GREEN AND FRESH: A tourist viewing Imbak Canyon waterfall. — Bernama photo
KINABATANGAN,Sabah May 10, 2012: ‘A valuable piece of natural heritage’ – this epithet best describes the Imbak Canyon conservation area located in Ulu Kinabatangan, right in the heart of Sabah.
The 30,000-hectare virgin dipterocarp forest lies between two other conservation areas – the Danum Valley and the Maliau Basin.
One may wonder, however, whether the landscape here resembles the Grand Canyon in Arizona, United States. Not exactly, but the word ‘canyon’ in the name refers to the 750-metre deep and 3-kilometre wide ravine carved out of the rock cliffs by the Imbak River, which makes part of the landscape look like a canyon.
The Imbak Canyon is surrounded by sandstone cliffs reaching a height of 3,700 feet, and the numerous flora and fauna thriving in this rain forest represent a rich biodiversity.
The Imbak Canyon, located at a five-hour drive away from Kota Kinabalu, is managed by Yayasan Sabah (YS), which is involved in the conservation, research, training, education and nature recreation activities conducted there.
The beauty of the canyon
The Imbak Canyon is a catchment area for two important rivers in the state – the Imbak and the Kinabatangan Rivers – which not only provide water but also serve as a mode of transport and livelihood source for those living in the area.
Nestled between the Maliau Basin and the Danum Valley, the Imbak Canyon is regarded as an important buffer zone for wildlife, according to Yayasan Sabah’s head of Conservation and Environmental Management Dr Waidi Sinun.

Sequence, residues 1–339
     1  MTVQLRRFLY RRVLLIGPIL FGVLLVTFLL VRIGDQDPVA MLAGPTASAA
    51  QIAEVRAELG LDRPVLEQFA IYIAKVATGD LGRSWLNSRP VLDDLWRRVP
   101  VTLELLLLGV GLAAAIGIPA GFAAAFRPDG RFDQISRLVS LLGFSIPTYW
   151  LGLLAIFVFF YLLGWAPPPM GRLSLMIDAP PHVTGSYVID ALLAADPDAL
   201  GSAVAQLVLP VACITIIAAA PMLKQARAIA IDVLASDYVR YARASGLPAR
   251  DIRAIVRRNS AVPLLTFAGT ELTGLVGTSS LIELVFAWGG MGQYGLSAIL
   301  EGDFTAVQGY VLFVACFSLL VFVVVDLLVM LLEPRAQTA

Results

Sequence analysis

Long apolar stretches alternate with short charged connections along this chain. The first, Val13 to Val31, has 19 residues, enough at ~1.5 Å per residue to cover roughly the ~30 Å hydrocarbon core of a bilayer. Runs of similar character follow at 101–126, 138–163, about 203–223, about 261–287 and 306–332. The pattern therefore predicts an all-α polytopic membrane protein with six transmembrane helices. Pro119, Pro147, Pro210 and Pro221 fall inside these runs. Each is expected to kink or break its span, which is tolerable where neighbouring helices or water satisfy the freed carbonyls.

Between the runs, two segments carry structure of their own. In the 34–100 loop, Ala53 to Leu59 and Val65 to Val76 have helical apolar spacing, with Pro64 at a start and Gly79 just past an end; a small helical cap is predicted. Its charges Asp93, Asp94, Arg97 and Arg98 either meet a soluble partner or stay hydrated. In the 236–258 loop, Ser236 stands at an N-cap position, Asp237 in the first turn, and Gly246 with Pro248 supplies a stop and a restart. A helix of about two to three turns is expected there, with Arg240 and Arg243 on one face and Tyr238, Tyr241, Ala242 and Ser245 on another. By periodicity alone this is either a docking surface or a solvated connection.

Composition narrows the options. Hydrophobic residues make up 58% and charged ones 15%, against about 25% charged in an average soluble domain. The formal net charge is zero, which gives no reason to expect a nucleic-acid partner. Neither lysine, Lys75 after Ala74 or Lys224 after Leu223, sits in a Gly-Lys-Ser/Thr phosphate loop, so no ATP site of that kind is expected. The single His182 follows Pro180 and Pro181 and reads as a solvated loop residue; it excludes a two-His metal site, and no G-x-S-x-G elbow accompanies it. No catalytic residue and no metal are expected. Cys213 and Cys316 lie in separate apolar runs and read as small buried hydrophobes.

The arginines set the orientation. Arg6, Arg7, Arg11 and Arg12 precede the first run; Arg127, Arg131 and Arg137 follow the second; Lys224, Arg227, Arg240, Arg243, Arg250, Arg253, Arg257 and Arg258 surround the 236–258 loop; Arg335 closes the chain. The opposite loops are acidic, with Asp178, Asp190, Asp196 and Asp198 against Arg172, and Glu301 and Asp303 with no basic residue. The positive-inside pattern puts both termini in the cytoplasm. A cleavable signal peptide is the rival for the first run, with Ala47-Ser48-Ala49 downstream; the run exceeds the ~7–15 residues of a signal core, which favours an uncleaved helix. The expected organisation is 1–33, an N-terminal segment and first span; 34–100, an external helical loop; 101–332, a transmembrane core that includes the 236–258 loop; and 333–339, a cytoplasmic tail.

Three expeditions conducted in 2000, 2004 and 2010, respectively, explored the natural treasures of the area, identifying 312 plant species in the region, of which 32 were endemic to Borneo, including six species which are found only in Sabah.
With regard to the fauna, Dr Waidi remarked that more than 200 species of birds live in Imbak Canyon, five of which are endemic to Borneo and found only in the conservation area.
These expeditions have also recorded the presence of pygmy elephants, leopards, bears, mouse deer and the Sumatran rhinoceros in this region.
“The Class 1 Forest Reserve also boasts of a unique landscape, with the ravine – which appears like a canyon – being the most striking feature,” Dr Waidi told Bernama at the recent inaugural ceremony of the Ulu Kinabatangan Information Centre and Jetty project at Kampung Imbak.
The Imbak Canyon is also home to two panoramic waterfalls – the Imbak Waterfalls and the 8-tier Waterfall.
Conservation efforts with Petronas
In its efforts to conserve Imbak Canyon, Yayasan Sabah has collaborated with the national petroleum giant Petronas to gather information about the area, undertake biodiversity conservation efforts, preserve the genetic pool and explore the pharmaceutical and biotechnological potential of the flora there.
“The Information Centre and Jetty project will open new economic opportunities for local communities to improve their livelihood without affecting the environment,” Dr Waidi explained.
The information centre will display informative posters on Ulu Kinabatangan and exhibit a 3D model of the canyon.
The information centre will also be of use to the Imbak Canyon Porter and Tourists Guide Association, and the locals would be able to sell their handicrafts at the centre.
Dr Waidi noted that the establishment of the information centre and the association for porters and guides was a step in the right direction towards involving the local communities in the conservation efforts.